It sounds innocuous enough — an ‘industrial structure adjustment’ — but this roadmap may generate a massive shake-up across industries and turn Chinese companies into more aggressive global entities.
The Chinese government will push forward increased mergers and consolidation in nine sectors including auto manufacturing, steel, cement, shipbuilding, electrolytic aluminum, rare earth, electronic information, pharmacy and agriculture. The range of sectors under consolidation — from farm to resources and high-end electronics — suggests that a major upheaval may be in the offing for China’s industrial landscape this year.
A start has already been made with the rare earths industry. Last week, China’s top producer informed the Shanghai Stock Exchange that it will gain control of 12 other firms in the sector, making its first move to form a mega company. Inner Mongolia Baotou Steel Rare-Earth (Group) Hi-Tech Co, also known as REHT, signed framework agreements on consolidating and restructuring with other rare earth firms based in Inner Mongolia. Under the agreements, the 12 firms and their shareholders will transfer 51 per cent of the companies’ combined equity to REHT for free while the parent company will plan their management, production and support them with technology and export quota. As the world’s largest producer of rare earth metals, China now supplies more than 90 per cent of the global demand.
Earlier in the month, another significant move was made to integrate and merge central State-owned enterprises in the electronics sector. IT conglomerate China Electronics Corp acquired Irico Group, a maker of photovoltaic equipment, TV picture tubes and organic light-emitting diodes. After the merger, Irico Group will become a fully owned subsidiary of China Electronics Corp.
A common feature of these nine industries, earmarked for consolidation, is their economies of scale rendered weak by defective structures, isolated enterprises and lack of sector leaders. This results in duplicated development activities, surplus production and vicious price competition. The biggest hurdle is that scattered and outdated production capacity has led to redundant projects and wastage. The new industrial structure adjustment plan proposes various fine-tuning measures to cut price competition, surplus production and the duplication of research and development. This, along with plans for technical upgrade, signifies massive opportunity for foreign companies. Policy-makers have made it clear that foreign capital is welcome and can hold stakes in enterprises or engage in mergers under supervision.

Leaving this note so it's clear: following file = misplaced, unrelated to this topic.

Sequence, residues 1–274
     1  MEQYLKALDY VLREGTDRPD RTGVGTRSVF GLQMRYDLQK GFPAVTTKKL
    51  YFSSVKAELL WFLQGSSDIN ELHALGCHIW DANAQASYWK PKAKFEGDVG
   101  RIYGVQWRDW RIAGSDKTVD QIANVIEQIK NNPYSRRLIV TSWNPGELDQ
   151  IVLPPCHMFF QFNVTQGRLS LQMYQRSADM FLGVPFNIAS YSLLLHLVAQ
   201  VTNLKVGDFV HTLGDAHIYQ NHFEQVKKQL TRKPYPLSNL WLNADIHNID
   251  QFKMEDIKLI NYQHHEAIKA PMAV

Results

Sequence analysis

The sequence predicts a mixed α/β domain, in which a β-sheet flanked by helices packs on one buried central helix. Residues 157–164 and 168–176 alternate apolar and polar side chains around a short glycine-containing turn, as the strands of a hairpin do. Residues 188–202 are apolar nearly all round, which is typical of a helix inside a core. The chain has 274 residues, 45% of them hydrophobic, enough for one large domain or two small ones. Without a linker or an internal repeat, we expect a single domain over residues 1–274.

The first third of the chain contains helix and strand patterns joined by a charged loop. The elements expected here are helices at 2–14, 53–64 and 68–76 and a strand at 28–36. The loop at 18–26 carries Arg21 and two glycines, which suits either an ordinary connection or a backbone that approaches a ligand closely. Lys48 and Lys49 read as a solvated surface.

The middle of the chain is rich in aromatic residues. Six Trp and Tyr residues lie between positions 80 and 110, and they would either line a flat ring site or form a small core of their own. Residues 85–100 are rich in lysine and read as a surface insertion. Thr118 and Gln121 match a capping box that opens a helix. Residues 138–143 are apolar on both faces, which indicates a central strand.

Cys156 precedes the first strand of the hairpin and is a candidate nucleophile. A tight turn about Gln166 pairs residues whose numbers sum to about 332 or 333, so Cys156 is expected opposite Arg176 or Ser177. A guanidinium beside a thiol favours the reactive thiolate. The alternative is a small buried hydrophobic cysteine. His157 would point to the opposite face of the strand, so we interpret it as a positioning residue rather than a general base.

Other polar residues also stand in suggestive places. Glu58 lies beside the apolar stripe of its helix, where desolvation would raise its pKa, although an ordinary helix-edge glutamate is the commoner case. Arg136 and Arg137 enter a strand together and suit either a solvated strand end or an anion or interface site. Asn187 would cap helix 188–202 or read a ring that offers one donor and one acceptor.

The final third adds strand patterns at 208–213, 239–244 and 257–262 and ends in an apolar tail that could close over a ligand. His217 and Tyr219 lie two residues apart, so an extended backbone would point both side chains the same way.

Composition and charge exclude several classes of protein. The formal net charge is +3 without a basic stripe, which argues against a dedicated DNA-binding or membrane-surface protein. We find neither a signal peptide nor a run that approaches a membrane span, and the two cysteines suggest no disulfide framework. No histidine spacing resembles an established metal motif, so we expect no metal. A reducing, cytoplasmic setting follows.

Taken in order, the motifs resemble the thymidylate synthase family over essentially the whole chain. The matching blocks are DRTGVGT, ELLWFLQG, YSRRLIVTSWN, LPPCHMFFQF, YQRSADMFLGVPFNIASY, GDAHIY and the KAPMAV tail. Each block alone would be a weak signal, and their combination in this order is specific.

China currently lacks agile enterprises that can be fully competitive on a global scale, especially in manufacturing sectors. For years, authorities have been advocating higher industrial concentration in many sectors without achieving much headway. Experts believe simple administrative measures and policy support won’t be enough to push forward the kind of industrial consolidation and technical upgrades that are being targeted. The key lies in creating healthy market competition in which only the best entities survive.
But here lies a conundrum: the government does not want to blindly flush out smaller companies. Large state-owned enterprises, for instance, may have more resources to handle technical upgrades, but smaller and private firms are at times the main drivers of technical innovation. Prolonged bias towards state-owned behemoths has rendered them unwieldy and unable to face international competition. Opaque government support and subsidies to these companies tarnish the image of Chinese industry globally and creating yet more gigantic state corporations may not be the best way out.
The problem is more acute in the steel sector. Authorities are planning to come down heavily on the industry and are working to slash the large number of steel producing enterprises and phase out outdated capacity through mergers. The target is to raise the concentration ratio of top 10 steel producers to around 60 per cent by 2015. For the auto sector, China aims to foster three to five large and competitive automakers and wants the top 10 to account for 90 per cent of the industry’s total production by 2015. It remains to be seen whether larger mega-corporations, unaccompanied by requisite financial sector reforms, will generate the required confidence globally.